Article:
What to expect
When I come into hospital
• You must bring in all your diabetes equipment from home. This includes any pumps, insulin needles and hypo supplies.
• Ensure you are checking your blood sugars as regularly as you do at home. The nurses may also do this for you.
• You will be made ‘nil by mouth’ at a certain point before your operation, often the night before. This means you won’t be able to eat or drink anything.
• You may be placed on insulin and fluids through a drip in your veins called VRII (variable rate insulin infusion). This is to keep your blood glucose levels controlled if you have a prolonged period of fasting or your blood glucose is high.
What happens after my operation?
• You should be able to eat and drink as normal, and then can restart your normal diabetes tablets.
• You must check your blood sugars more regularly than normal as they can be more varied after the operation.
• If they stay very high (for example, above 12) you should go to your GP or whoever manages your diabetes.
What should I do if I take TABLETS for my diabetes?
Some tablets should not be taken on the morning of surgery. For example:
- Metformin should normally be stopped on the day of surgery.
- Glicazide / Glibenclamide / Glipizide should be stopped on the day of surgery and restarted once eating and drinking.
- Dapagliflozin / Canagliflozin / Empagliflozin should be stopped the day before surgery or at the start of your bowel prep regimen and restarted 2 days after surgery once eating and drinking.
- Acarbose / Meglitinide should not be taken in the morning if you are not having breakfast. If you are having breakfast, take the morning dose and do not take the lunchtime dose.
Some tablets can be taken as normal around surgery. For example:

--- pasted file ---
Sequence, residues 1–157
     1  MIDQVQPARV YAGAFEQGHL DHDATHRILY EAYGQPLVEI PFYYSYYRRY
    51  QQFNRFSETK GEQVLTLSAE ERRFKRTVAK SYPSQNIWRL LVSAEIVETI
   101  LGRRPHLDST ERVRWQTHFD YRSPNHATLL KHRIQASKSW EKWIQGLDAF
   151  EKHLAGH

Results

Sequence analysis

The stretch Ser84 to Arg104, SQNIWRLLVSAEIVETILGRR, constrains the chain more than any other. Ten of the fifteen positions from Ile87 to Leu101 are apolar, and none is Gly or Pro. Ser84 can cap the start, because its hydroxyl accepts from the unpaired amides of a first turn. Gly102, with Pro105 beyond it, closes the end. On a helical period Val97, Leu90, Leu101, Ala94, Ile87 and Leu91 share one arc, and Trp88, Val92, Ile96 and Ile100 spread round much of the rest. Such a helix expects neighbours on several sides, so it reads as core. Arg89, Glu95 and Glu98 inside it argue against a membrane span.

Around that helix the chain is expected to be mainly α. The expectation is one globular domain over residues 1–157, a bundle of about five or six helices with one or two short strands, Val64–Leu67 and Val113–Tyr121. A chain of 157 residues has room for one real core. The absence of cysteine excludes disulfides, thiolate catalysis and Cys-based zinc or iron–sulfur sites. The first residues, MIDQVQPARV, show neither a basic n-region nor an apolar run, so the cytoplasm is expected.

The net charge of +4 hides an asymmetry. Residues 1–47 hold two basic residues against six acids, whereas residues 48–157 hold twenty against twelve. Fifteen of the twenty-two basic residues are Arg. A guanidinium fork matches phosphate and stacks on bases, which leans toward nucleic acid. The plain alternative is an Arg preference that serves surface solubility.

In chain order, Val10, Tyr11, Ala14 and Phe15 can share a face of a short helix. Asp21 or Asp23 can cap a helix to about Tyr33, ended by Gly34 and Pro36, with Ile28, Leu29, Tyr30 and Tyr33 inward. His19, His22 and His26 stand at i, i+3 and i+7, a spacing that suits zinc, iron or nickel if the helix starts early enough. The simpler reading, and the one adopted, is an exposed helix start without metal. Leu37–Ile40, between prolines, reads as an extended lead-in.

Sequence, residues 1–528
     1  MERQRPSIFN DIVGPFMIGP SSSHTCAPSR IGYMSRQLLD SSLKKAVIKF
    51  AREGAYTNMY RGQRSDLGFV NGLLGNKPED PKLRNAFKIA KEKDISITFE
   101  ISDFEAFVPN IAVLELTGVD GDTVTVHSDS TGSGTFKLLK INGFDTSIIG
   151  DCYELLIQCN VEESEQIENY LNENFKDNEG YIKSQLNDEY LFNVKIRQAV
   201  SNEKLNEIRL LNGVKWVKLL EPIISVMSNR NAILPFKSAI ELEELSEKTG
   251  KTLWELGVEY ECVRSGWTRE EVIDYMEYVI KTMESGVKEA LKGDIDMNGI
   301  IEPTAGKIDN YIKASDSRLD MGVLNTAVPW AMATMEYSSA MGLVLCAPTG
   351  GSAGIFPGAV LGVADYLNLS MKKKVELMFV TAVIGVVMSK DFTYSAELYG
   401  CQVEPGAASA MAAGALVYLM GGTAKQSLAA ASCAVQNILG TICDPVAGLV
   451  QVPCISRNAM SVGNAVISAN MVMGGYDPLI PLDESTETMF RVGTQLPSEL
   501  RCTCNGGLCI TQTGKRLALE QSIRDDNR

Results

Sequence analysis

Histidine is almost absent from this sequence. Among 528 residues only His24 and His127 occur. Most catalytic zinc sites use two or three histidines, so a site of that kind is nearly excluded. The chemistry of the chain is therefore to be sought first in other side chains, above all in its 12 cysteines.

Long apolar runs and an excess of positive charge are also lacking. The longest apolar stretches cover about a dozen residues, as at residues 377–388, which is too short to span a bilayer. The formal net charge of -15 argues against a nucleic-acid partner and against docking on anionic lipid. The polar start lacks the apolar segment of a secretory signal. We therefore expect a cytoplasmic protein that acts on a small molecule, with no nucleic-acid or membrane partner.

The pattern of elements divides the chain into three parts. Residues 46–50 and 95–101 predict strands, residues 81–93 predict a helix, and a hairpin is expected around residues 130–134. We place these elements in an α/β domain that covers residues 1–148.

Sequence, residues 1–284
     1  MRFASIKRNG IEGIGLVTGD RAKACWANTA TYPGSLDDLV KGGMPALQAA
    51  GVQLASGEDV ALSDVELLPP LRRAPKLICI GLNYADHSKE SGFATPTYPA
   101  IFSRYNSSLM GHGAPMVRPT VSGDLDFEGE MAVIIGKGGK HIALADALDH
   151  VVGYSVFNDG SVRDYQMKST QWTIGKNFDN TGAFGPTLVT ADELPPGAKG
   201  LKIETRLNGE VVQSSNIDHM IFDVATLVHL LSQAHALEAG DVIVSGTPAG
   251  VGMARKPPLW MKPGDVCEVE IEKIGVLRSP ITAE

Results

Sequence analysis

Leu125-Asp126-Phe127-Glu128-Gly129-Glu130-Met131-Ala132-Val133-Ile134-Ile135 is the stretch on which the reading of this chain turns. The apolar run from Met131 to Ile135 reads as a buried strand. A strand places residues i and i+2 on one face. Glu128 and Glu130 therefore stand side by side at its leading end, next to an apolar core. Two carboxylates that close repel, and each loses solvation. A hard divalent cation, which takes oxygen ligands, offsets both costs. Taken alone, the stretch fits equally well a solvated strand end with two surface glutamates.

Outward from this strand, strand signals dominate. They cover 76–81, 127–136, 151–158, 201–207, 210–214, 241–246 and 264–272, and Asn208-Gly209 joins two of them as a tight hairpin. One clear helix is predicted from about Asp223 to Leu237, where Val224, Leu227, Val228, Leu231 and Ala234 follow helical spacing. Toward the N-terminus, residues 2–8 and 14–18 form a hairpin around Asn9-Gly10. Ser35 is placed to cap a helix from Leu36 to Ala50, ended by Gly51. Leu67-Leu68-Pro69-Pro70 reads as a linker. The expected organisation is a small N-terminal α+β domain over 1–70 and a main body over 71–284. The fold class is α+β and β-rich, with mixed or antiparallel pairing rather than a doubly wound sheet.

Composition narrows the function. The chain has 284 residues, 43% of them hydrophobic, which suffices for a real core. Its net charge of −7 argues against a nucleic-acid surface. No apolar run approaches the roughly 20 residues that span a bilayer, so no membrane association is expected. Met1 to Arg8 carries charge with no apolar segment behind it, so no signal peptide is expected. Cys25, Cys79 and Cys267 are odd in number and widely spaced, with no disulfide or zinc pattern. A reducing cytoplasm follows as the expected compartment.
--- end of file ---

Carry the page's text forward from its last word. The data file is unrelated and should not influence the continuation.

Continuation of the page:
- Sitagliptin / Linagliptin / Saxagliptin
- Exenatide / Liraglutide / Dulaglutide / Semaglutide.
What should I do if I take INSULIN for my diabetes?
• If you take long / intermediate acting insulin (Lantus, Levemir, Tresiba, Humulin I, Insulatard), the dose of this may need to be reduced prior to surgery. This is often by 20% but your surgical or diabetes team will advise you.
• If you take short acting insulin (Novorapid, Humalog, Actrapid), you may need to miss a dose of this if you miss a meal before your surgery.
Plan for my surgery (for you to complete)
Operation I am having:
Date of my surgery:
Morning or afternoon:
When to stop eating and drinking:
Changes to my tablets:
Changes to my insulin:
Brought my supplies of pumps/needles/tablets: yes (tick box)
Brought my hypo supplies with me: yes (tick box)
Target glucose range for my surgery:
Contact number for my diabetes team:
This leaflet is intended for patients receiving care in Brighton & Hove or Haywards Heath.
The information in this leaflet is for guidance purposes only and is in no way intended to replace professional clinical advice by a qualified practitioner.